Gareth by Grace Burrowes


Reviewed by Blue

4.5 Stars

Gareth Alexander, is the unwilling Marquess of Heathgate, due to a tragic accident years ago that took the lives of the current Marquess, his father, older brother, uncle, and cousin, who were all in line to inherit the title before he was.  Although the boating incident was ruled an accident, people of the ton speculated that he had a hand in it, in order to inherit.  While dealing with his grief, he also had to suffer people suspecting him of murder.  So, his defense was building a wall around himself and not caring.  He threw himself into making his lands profitable, and becoming a rake.  He had no intentions of marrying, and didn’t associate with “decent” women.

Felicity Worthington is the daughter of a Viscount, who died without providing for her or her sister.  They are living a meager existence, when Felicity receives word of a surprise inheritance from a distant cousin  – a brothel!  In order to inherit, Felicity must prove to the solicitors that she has learned how to run the brothel, including pleasing the customers.  The cousin named Gareth as the person to teach her.  If she refuses Gareth, she may choose Riverton, who is a slimeball of the worst sort.  If she doesn’t accept these terms, she doesn’t get the inheritance.

Felicity decides to accept, hoping that the scheme can remain secret, and she’ll have the funds to launch her younger sister in society.  She approaches Gareth, who is stunned at the news.  He knew the cousin (Callista) and can’t believe that she would concoct such a scheme, because it will surely ruin Felicity.  Gareth refuses until Felicity tells him that her other option is Riverton.  Gareth reluctantly accepts, but with the thought of finding a way to get around actually taking Felicity’s innocence.

They start meeting, and Gareth begins to teach Felicity the way of the world.  He accepts that he’ll have to ruin her, and, in truth, he desires her.  Felicity is beginning to care for him, and realizing this, Gareth tells her,

“If you want protestations of profound emotion from me, you are doomed to disappointment.  I’ll give you pleasure and teach you how to please a lover.  When I have discharged that obligation, I will wish you luck and be on my way.”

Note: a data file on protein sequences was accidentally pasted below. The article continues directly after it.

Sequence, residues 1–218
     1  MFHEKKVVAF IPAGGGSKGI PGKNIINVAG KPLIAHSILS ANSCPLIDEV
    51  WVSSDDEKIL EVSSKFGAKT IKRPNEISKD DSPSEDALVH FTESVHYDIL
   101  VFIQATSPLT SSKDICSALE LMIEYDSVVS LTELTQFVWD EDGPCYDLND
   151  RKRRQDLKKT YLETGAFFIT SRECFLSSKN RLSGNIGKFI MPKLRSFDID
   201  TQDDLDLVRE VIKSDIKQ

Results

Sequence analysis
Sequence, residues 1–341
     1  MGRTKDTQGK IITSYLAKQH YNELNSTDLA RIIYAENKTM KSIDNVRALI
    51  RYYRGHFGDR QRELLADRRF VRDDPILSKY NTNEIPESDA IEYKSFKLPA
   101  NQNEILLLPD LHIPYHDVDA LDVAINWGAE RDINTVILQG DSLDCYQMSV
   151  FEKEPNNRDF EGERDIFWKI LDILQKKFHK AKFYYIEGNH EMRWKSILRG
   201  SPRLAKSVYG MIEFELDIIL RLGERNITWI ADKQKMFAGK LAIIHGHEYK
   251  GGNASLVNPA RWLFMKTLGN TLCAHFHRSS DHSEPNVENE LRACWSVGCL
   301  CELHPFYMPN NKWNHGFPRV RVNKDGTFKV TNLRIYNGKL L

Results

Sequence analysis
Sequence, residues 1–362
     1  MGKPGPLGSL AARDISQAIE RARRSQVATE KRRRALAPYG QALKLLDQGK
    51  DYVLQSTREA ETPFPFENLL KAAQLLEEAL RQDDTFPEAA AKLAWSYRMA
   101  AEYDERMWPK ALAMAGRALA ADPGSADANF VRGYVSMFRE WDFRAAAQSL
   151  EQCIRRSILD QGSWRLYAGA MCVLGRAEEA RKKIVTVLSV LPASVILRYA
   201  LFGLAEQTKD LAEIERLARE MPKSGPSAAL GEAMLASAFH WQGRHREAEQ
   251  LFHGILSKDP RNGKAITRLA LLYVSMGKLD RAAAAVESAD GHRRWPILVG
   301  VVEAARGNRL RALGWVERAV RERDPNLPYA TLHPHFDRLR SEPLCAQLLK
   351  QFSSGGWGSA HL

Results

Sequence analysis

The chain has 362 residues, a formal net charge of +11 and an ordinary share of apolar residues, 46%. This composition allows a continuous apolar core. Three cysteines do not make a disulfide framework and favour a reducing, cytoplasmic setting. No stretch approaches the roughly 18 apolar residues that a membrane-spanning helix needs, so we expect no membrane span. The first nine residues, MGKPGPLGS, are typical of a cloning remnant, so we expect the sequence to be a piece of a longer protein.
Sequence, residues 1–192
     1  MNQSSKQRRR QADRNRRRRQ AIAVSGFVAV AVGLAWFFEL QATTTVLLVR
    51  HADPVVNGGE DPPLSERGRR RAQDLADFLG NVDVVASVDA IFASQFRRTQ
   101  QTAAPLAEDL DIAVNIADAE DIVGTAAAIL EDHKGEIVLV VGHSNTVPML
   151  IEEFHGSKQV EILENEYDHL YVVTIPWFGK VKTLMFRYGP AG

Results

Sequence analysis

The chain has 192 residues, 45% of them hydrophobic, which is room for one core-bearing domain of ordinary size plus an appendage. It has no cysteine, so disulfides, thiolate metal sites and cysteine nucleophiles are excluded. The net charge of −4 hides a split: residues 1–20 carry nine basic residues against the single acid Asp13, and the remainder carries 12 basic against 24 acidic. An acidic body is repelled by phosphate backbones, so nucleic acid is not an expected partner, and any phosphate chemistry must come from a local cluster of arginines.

When they finally get to the point of having sex, Felicity insists that she will never be intimate with another man after this, Gareth determines to make this time tender and memorable for her.  He uses his considerable skill, and in the process realizes he has fallen in love.  He also realizes that he is not husband material and could never be faithful.  When their night is over, he decides to be cruel to be kind (so he thinks) and tells her,

“You have means now….distract yourself from this dalliance you’ve had with me, and forget what you think you feel for me.  Our business is concluded, and I certainly intend to move along to other pleasurable pursuits.”

Felicity, although far less experienced, realizes that Gareth cares for her.  She also realizes that he is determined to end their relationship.  Holding her tears back, as she leaves, she tells him,

“I will never forget you, or that you are the man who came to be both lover and friend to me.  You will continue to dwell in my mind and heart as a friend at least, as I would be to you.  And I will miss you, Gareth.  I will miss you until my dying day.”

Gareth is a complex character.  Although from the beginning we know he’s innocent of any wrongdoing in the deaths of his family, and therefore has a reason to have built his walls, I struggled with him.  His courteous cruelty to Felicity made me wonder if he was redeemable.  But seeing him after they part, with his walls crumbling down, I was won over, and my heart broke for him.

This is another touching and emotional story by Grace Burrowes, who has rapidly become one of my favorite authors.  There is a mystery here, as well, but the focus is on the love story of a hardened (yet redeemed) rake and the innocent lady who brought him back to life.  Both aspects have a satisfying ending, and I highly recommend this book.


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